A number of graphs are included with note. More will be forthcoming as our understanding of the magnets increases and as we move into more of an engineering design phase (where sextupole power supply currents and voltages will be of interest). Figures 1 through 5 use a 150 GeV ramp with an unrealistic final parabola. Five different chromaticity curves are represented. The maximum sextupole strengths which appear in these plots is for the case where both chromaticites are 20 units before transition and +20 units after transition. In this case the maximum horizontal sextupole strength is 450(kg/m ^{2} ) m and comes from the saturation sextupole. The maximum vertical sextupole strength is 411(kg/m ^{2} ) m and it is driven by the eddy current sextupole. It is also clear from these plots that, although it is tempting to suggest that unipolar supplies might be adaquate, the MI will need to have bipolar supplies.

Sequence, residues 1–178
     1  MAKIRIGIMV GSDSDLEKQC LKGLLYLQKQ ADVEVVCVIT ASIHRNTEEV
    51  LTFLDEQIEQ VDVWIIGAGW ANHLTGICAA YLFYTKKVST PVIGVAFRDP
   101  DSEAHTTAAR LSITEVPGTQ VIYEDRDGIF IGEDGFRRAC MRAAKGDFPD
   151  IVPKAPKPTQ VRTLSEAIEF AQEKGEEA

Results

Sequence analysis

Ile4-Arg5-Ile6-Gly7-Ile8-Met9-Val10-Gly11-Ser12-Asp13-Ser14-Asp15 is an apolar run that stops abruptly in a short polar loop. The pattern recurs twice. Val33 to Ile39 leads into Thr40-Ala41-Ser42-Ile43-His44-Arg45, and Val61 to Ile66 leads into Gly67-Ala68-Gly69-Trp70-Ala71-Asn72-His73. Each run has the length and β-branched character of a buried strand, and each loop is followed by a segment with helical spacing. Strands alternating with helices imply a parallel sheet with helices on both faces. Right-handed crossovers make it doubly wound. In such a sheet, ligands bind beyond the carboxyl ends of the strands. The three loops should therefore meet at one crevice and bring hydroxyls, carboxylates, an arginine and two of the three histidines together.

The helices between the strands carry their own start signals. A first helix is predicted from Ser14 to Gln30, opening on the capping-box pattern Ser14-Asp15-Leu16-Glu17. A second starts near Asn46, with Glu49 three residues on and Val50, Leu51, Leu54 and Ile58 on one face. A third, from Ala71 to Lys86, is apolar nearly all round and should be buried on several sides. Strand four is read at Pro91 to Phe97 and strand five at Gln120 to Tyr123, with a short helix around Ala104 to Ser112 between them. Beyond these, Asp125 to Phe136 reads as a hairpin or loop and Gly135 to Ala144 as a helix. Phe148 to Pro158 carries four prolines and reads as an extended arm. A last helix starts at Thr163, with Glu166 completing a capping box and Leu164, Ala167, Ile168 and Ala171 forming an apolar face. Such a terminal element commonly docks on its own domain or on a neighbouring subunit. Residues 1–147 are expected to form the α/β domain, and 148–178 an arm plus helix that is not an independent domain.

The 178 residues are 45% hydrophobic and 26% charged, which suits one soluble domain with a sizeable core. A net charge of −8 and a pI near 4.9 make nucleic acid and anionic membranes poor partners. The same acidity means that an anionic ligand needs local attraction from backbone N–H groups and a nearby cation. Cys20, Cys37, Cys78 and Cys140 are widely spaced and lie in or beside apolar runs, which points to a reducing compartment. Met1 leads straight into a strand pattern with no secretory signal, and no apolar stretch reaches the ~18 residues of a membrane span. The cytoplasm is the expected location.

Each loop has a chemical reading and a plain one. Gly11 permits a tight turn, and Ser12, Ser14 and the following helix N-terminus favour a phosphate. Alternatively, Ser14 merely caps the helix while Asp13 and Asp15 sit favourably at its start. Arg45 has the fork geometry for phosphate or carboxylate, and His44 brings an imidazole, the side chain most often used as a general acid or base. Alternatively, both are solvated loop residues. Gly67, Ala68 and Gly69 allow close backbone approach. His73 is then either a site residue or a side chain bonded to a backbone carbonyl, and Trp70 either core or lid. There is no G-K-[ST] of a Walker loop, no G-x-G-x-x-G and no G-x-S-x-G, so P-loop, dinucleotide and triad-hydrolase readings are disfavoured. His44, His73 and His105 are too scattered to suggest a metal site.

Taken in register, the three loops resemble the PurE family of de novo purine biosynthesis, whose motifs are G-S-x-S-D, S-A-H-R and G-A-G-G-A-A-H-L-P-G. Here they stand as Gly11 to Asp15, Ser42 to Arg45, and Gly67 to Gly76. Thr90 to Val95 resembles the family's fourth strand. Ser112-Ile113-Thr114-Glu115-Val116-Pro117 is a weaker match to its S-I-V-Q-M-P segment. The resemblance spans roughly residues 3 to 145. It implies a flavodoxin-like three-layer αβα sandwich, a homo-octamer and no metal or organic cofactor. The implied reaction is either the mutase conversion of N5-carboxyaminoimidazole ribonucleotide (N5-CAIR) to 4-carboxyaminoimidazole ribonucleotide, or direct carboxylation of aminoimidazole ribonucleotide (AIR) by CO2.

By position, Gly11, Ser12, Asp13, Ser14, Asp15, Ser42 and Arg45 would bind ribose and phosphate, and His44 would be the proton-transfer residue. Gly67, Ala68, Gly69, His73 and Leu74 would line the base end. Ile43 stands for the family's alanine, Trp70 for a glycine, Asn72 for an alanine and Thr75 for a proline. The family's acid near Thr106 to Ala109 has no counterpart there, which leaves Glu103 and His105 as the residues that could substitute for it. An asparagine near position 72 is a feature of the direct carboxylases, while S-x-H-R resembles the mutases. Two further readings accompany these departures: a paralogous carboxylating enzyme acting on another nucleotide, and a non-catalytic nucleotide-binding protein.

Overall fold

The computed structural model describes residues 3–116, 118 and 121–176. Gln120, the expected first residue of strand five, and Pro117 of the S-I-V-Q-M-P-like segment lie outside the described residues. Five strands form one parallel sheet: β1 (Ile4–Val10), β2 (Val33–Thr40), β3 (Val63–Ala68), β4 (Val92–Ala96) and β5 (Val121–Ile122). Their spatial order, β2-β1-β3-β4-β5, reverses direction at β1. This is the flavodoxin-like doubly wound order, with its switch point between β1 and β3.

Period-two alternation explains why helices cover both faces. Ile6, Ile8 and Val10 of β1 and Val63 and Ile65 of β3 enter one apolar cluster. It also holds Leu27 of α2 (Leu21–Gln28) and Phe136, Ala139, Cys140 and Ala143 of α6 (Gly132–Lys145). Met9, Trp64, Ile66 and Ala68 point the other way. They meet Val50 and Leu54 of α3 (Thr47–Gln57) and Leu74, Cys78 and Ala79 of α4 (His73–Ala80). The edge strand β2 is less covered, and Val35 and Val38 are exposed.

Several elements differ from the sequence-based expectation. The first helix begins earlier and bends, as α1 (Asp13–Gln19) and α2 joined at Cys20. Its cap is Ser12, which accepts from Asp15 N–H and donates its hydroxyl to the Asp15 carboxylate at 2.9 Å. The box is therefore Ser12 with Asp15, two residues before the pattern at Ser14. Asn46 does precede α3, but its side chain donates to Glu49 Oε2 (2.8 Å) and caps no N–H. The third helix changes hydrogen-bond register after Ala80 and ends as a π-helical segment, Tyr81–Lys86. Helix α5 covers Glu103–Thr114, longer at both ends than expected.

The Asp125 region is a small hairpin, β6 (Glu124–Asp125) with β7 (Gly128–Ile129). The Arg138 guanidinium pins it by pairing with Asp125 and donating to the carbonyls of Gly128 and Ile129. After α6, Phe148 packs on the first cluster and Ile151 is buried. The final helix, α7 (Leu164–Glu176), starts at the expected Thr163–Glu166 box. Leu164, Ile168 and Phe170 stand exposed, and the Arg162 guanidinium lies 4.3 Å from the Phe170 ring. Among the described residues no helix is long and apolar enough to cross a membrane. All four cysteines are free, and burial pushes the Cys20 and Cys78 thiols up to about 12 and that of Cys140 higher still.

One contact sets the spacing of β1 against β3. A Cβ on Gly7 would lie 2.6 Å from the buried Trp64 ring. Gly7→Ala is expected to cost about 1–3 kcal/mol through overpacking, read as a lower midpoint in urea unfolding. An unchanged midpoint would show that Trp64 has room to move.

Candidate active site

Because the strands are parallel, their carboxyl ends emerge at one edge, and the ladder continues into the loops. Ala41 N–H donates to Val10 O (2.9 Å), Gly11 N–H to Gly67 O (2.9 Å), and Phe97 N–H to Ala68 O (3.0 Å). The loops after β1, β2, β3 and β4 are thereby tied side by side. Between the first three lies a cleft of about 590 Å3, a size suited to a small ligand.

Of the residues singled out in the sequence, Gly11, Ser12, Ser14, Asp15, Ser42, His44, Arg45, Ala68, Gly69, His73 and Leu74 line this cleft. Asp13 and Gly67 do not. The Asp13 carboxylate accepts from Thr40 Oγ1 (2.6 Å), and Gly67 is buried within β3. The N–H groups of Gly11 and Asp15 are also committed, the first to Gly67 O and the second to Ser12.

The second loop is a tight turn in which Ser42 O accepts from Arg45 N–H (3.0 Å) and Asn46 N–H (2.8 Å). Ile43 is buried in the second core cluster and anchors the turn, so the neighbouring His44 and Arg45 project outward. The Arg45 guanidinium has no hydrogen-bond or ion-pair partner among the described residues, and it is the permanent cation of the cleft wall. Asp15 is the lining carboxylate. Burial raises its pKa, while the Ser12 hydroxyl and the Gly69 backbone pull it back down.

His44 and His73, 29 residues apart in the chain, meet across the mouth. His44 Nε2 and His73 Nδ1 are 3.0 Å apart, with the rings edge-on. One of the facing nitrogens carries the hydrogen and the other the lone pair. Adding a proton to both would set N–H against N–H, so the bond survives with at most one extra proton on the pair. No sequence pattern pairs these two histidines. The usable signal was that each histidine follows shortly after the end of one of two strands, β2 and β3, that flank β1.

Figure 6 uses a more realistic ramp with a slower near flattop. Although the vertical sextupole is slightly less (403(kg/m ^{2} )  m), there is no significant change.
New sensitivity coefficients have been derived for MI15. The reason they are different from the MI14 coefficients is not so much due to a change in the lattice, but a realization that the MI15 design with the quadrupole centered in the ministraight allows more elements to be close to the quadrupole where the lattice functions are closer to the extrema. This uses all elements more effectively. Thus the lattice location for the sextupoles (which are zerolength elements in the models) has been moved to a point .45 meters downstream from the edge of the quadrupole. This in fact could be made closer as the engineering of these ministraights is better understood. The corresponding coefficients are:
Table Al: Sensitivity Coefficients Revised for MIl.5
Used in Program  
a  .1175 
b  .0165 
c  
d  .0174 
e  .0666 
f